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Xbox Live

Xbox Live

Written by Dan Clarke on 11/15/2002 for Xbox  
More On: Xbox Live
Sometimes you just have to hand it to Microsoft – this is a hard review to write because quite honestly, Microsoft is about to revolutionize the way you play games online, and this is not hyperbole.

I’ve been beta testing Xbox Live since August with a tens of thousands of other subscribers. I’ve been thoroughly impressed at the lack of lag, the clarity of voice response and the top notch gameplay.

First, let’s take a look at what came with my kit:

Keep in mind that this was a beta kit – your retail kit will look slightly different. Specifically, your retail kit will only have one CD ( a bonus NFL Fever Live Edition CD was included in the beta) and you won’t have your GamerTag engraved on the headset, nor will you receive the memory card.

Here’s what’s in the retail package:

Xbox Live CD with Moto GP, Whacked and movies of Xbox Live games NFL Fever & MechAssault as well as an Xbox Live movie showing a guy getting his butt kicked in NFL Fever.

The headset plugs into a nifty looking card that fits in your Xbox controller. The nifty looking card has a button and a volume control. The button will make an LED change color from red to green on the nifty card. Red means your voice is muted (no one can hear you online), and green means you’re talking to the world. No other power input is necessary – you’ll be using the Xbox’s electrical power for the headset.

Because I was provided a press account for Xbox live, I didn’t partake in the setup of my account. I am told that you’ll need a credit card and a gamertag of your choosing to sign up. BE CAREFUL when choosing a GamerTag – you’ll be committed to that for life (unless you purchase a new starter kit), so if you’re an idiot and say, choose a GamerTag that has the name of a now defunct website that you ran, you are stuck with it. Oh well.

Even though you did purchase the Xbox Live system for $50 which included one year of service, you’ll still need to enter a valid credit card upon sign up. Sorry, that’s the breaks. Also, you’ll need to enter your Xbox Live subscription code, which is reminiscent of one of those CD Keys and is a real pain to enter when you don’t have a keyboard.

Once you put the disc in the drive and sign up, the Xbox Live beta disc will update your Xbox console adding a new tab on the dashboard, called “Xbox Live” interestingly enough. When you select this tab, you can edit any of your IP settings and make sure that Xbox Live is online and working. Personally, I recommend using a router especially if your PC is next to your Xbox so you aren’t flipping connections back and forth. Router setup is very easy – setting up my Xbox online was a lot easier than setting up my PS2 – at least that’s the way it felt to me.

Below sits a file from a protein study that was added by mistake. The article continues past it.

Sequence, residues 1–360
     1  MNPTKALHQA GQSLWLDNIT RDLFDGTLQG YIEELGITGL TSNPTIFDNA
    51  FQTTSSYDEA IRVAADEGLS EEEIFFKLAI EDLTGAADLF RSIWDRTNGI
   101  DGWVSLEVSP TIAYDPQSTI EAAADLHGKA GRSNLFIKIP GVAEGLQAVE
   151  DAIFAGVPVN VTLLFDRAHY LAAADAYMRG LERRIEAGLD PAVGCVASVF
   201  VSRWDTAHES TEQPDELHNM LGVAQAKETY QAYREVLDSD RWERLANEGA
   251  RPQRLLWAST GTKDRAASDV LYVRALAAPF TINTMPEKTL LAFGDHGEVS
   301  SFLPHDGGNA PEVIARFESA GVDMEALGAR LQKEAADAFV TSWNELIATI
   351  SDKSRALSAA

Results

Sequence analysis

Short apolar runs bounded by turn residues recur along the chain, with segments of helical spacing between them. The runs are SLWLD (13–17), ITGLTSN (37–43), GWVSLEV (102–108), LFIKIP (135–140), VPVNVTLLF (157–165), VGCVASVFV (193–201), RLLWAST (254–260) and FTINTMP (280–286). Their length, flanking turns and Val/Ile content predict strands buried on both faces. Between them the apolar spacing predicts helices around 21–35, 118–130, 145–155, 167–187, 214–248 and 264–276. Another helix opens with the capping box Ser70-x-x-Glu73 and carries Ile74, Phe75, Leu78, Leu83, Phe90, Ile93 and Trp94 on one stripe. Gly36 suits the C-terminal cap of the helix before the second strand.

You can always check the official Xbox site for additional network setup instructions.
Once you’re signed up, go ahead and put on the funky headset. When I say funky, it’s because it doesn’t go ‘over’ your head as traditional headphones do – check this out and you’ll see what I mean. All set. Phew. Now it's time to play games.

If you don't have any games that are already Xbox Live enabled, you can play the two demo games that are included with the kit: Moto GP and Whacked. Acclaim's Re-Volt was included in the original beta, but Microsoft had stated it was for the beta only and now is nowhere to be found (which is too bad -- I'd rather play Re-Volt online than Whacked any day).

MotoGP is a motorcycle racing game that was released by THQ in the Spring. The demo version offers only a few tracks but does allow up to 16 racers on the track which is very cool. If you have the original Moto GP, you'll be able to play on any track -- the retail version effectively 'unlocks' all the tracks for Xbox live. Can you say "clever marketing tool"? I knew you could. The offline game of Moto GP was very good and online, it's even better. The fact that not only can you race pretty much lag free is complimented by being able to trash talk your opponents as you cross the finish line. It's all good.

On the other hand we have Whacked! which is a cute attempt at a game show but is actually more like a revamped Cel Damage game. Basically it's a game where you're beating up your opponents to capture the flag or stay king of the hill or get the most tokens or whatever. It's been done before and there's not much depth here. Personally, I'd rather have seen Re-Volt than Whacked! here because I still enjoy the Dreamcast game from a few years back, so Whacked! is getting my venting here. It's not a horrible game, it does have it's moments, but it's no Re-Volt.

After playing online for a while, you'll find some regulars. One of the great features of Xbox live is that you don't have to remember GamerTags -- various menus within each XBL game will show both a 'friends' list which is a list of people (similar to MSN Messenger) that you have added. You'll also see a list of people you've recently played games with -- which comes in very handy if you want to leave feedback on that dolt who just disconnected midway through NFL Fever. Just like eBay, Xbox Live allows you to post feedback on gamers -- so not only will you know if they disconnected -- you'll also know if they are viewed unfavorably by other gamers. (Feedback is limited -- you can't type anything you want, you'll have a few standard feedback messages). You can ask one of your fellow gamers that you've recently played to become a friend as well, which is very cool. Once you have a gamer added to your friend list, you'll be able to see if they are logged on and what game they are playing, even if you're playing a different game.

If you have actual human friends over to play on your Xbox (and extra contollers, natch) they can play online as well -- even if they don't have their own XBL account. You can set them up as 'guests' and although their scores/gameplay won't affect rankings and they may not have voice capability, a 4 on 4 game is still pretty fun online. 4 on 1 is a lot of fun :). Now, if you're 'actual' friends have XBL accounts too, they can bring over a memory card from their house to yours with their gamertag and they can also bring over their headset and voila they can use their account on your Xbox. Neat, huh?

Once you have a gamer added to your friend list, you'll be able to see if they are logged on and what game they are playing, even if you're playing a different game. Prior to the formal launch of Xbox Live, I did have an opportunity to play Xbox Live enabled full version games. Here's my quick reviews: